The understanding of a baseline and a changing climate is key in the full understanding of the Earth system. ESES motivates students to understand and question the nature, intensity, and consequences of dynamic climate using long-term records of environmental variables, remote sensing information, and modeling techniques, both prognostic and statistical.

Sample Research Projects:

Joan Castro (Summer 2012)

Long Term Climate Trends and PBL Characterization of the Intra America Region (IAR)

My summer research involved investigation of the lake fluctuation trends of Lake Enriquillo (Dominican Republic) and Lake Sumatra (Haiti). Since 2004, both lakes have continued to grow rapidly and the cause has not been determined. My research focused on remote sensing and ground measurement data analysis in order to identify possible causes of the lakes’ growth and see if these and other local changes in the Caribbean are an implication of climate change.

Miguel Lopez (Summer 2012)

Estimation of Effective Radius and Cloud Motion Vector

A summary of our work made during first stage are: We implemented Lindsey and Grasso algorithm to estimate effective radius, develop a new algorithm to classify convective clouds and estimate cloud motion vector, and develop a preliminary short-term rainfall forecast, using centroid location and the average reflectivity of neighbor cells to predict 15 minutes in advance. Our future work include following tasks: I will be trained in WRF (Weather Research and Forecasting) model. Principal focus for the future work will be modeling WRF to simulate rainfall activity in Puerto Rico for convective and non-convective rainfall events. Our main objective are to study which Clouds Parameterization Models implemented in WRF reach better estimations of convective rainfall activity in the Caribbean zone, including Puerto Rico, and identify other parameters than helps to improve convective cloud detection, cloud motion vector and precipitation forecast.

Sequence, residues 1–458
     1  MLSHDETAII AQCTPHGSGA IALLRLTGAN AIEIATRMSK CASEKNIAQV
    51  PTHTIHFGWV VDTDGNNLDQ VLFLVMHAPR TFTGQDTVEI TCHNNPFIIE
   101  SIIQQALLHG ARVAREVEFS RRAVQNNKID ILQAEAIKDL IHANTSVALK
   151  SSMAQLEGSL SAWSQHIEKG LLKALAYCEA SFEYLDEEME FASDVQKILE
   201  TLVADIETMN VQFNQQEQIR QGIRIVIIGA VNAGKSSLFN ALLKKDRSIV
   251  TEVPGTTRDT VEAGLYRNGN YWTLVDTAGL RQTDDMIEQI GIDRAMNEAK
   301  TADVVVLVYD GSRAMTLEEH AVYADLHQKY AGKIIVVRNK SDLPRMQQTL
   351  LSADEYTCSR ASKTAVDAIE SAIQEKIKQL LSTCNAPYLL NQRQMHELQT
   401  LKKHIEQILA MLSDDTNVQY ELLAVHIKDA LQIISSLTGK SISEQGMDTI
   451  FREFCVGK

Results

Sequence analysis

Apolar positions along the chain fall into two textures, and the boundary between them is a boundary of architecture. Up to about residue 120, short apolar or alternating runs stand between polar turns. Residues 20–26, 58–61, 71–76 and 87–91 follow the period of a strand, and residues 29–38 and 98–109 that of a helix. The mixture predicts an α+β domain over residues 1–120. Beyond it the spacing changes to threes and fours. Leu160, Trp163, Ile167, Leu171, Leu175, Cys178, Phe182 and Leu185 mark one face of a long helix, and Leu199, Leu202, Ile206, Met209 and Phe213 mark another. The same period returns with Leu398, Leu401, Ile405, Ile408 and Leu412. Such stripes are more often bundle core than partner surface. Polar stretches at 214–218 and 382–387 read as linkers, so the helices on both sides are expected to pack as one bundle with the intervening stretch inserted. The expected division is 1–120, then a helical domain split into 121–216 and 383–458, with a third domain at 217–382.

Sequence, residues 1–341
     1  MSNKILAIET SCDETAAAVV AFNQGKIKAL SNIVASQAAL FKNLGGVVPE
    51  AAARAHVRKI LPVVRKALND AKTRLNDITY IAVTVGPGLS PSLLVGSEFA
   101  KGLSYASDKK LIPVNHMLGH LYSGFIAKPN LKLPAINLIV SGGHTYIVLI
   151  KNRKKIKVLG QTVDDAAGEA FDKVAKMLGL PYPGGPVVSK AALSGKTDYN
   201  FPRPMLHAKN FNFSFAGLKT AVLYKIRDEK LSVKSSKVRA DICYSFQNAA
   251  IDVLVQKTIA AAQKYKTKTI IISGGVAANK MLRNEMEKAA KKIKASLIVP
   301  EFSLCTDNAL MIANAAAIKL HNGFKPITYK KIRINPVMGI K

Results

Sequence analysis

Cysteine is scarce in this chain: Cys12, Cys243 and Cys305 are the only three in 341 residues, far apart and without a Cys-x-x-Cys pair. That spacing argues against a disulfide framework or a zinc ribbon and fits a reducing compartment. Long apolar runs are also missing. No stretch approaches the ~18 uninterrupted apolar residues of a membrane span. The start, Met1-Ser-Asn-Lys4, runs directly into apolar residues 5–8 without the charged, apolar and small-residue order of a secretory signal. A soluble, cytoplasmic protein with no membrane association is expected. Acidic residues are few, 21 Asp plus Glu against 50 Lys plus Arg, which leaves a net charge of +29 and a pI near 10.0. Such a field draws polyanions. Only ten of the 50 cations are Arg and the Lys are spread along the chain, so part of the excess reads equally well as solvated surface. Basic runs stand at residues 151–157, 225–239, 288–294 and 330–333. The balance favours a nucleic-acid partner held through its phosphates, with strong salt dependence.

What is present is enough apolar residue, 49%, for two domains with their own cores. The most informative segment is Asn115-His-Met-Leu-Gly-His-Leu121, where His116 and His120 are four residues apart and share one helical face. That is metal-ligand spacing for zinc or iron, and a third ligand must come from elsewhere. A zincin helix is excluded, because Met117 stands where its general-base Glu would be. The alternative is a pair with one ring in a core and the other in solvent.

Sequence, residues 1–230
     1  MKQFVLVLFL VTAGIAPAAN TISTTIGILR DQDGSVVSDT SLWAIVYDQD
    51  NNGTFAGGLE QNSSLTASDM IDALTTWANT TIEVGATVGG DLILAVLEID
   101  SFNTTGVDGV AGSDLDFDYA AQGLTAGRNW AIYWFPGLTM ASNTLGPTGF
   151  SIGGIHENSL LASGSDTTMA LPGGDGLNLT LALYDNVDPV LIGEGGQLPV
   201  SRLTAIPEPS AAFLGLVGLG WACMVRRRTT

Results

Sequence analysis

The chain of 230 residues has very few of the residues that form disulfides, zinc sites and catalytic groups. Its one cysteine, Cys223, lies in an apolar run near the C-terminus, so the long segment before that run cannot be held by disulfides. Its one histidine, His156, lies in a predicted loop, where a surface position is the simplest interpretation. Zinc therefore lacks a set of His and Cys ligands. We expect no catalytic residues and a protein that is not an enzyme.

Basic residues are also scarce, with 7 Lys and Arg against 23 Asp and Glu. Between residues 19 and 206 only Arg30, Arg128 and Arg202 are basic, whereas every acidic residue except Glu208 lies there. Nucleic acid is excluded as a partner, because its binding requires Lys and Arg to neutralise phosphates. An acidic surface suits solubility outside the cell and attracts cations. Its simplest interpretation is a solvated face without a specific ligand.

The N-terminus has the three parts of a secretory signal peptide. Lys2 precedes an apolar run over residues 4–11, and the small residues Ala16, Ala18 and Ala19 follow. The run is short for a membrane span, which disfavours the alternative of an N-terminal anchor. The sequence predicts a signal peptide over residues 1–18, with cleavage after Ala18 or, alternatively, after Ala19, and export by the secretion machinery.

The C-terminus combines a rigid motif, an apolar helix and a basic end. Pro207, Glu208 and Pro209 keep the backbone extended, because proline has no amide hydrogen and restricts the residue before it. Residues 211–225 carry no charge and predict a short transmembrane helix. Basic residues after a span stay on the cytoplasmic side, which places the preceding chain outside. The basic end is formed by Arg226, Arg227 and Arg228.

William Valdez (Fall 2012 – Fall 2013)

The current research is the importance of dealing with potentially severe climate impacts which it has become increasingly evident in recent years. Extreme temperatures, storm related disasters, and climate records have been occurring in countries around the world. The impacts of these patterns in New York City represent an opportunity to propose quantitative criteria to illustrate how vulnerable coastal communities may be to the damaging effects of extreme weather events and therefore provide a strategy for resilient coastal communities. The case study integrates typical variables of coastal communities and is serving as a learning tool for the consequences of weather related catastrophes and different vulnerability levels of communities in and around New York City. A proposed index will consider multiple vulnerability and resiliency levels relevant to coastal communities which include storm surge damages, building, and energy and potable water infrastructures. The index is applied along the gradient coastal-inland transects using geospatial tools. This combination of factors and vision within the context of selected specific case studies using local coastal communities as learning experiences may help us to suggest specific solutions for possible sustainable reconstruction for a long term resilient futur